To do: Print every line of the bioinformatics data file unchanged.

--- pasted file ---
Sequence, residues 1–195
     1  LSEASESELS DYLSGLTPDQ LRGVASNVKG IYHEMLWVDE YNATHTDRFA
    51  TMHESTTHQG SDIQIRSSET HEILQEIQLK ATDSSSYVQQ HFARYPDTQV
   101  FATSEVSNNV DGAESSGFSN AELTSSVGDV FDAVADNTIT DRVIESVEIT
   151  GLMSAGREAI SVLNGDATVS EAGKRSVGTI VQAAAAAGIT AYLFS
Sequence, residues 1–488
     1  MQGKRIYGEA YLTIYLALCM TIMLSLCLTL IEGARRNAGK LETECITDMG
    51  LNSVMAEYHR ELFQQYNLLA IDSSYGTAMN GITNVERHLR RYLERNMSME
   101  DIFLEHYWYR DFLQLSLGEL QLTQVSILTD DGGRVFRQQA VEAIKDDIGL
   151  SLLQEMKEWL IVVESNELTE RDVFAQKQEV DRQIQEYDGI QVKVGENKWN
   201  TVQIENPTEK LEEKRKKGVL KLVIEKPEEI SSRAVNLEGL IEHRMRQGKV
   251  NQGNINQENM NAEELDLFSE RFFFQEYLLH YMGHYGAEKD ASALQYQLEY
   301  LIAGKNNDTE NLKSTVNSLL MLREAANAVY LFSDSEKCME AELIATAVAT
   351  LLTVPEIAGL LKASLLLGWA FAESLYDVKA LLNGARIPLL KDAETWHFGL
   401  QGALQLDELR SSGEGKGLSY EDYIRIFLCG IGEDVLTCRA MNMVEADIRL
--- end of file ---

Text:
Sequence, residues 1–195
     1  LSEASESELS DYLSGLTPDQ LRGVASNVKG IYHEMLWVDE YNATHTDRFA
    51  TMHESTTHQG SDIQIRSSET HEILQEIQLK ATDSSSYVQQ HFARYPDTQV
   101  FATSEVSNNV DGAESSGFSN AELTSSVGDV FDAVADNTIT DRVIESVEIT
   151  GLMSAGREAI SVLNGDATVS EAGKRSVGTI VQAAAAAGIT AYLFS
Sequence, residues 1–488
     1  MQGKRIYGEA YLTIYLALCM TIMLSLCLTL IEGARRNAGK LETECITDMG
    51  LNSVMAEYHR ELFQQYNLLA IDSSYGTAMN GITNVERHLR RYLERNMSME
   101  DIFLEHYWYR DFLQLSLGEL QLTQVSILTD DGGRVFRQQA VEAIKDDIGL
   151  SLLQEMKEWL IVVESNELTE RDVFAQKQEV DRQIQEYDGI QVKVGENKWN
   201  TVQIENPTEK LEEKRKKGVL KLVIEKPEEI SSRAVNLEGL IEHRMRQGKV
   251  NQGNINQENM NAEELDLFSE RFFFQEYLLH YMGHYGAEKD ASALQYQLEY
   301  LIAGKNNDTE NLKSTVNSLL MLREAANAVY LFSDSEKCME AELIATAVAT
   351  LLTVPEIAGL LKASLLLGWA FAESLYDVKA LLNGARIPLL KDAETWHFGL
   401  QGALQLDELR SSGEGKGLSY EDYIRIFLCG IGEDVLTCRA MNMVEADIRL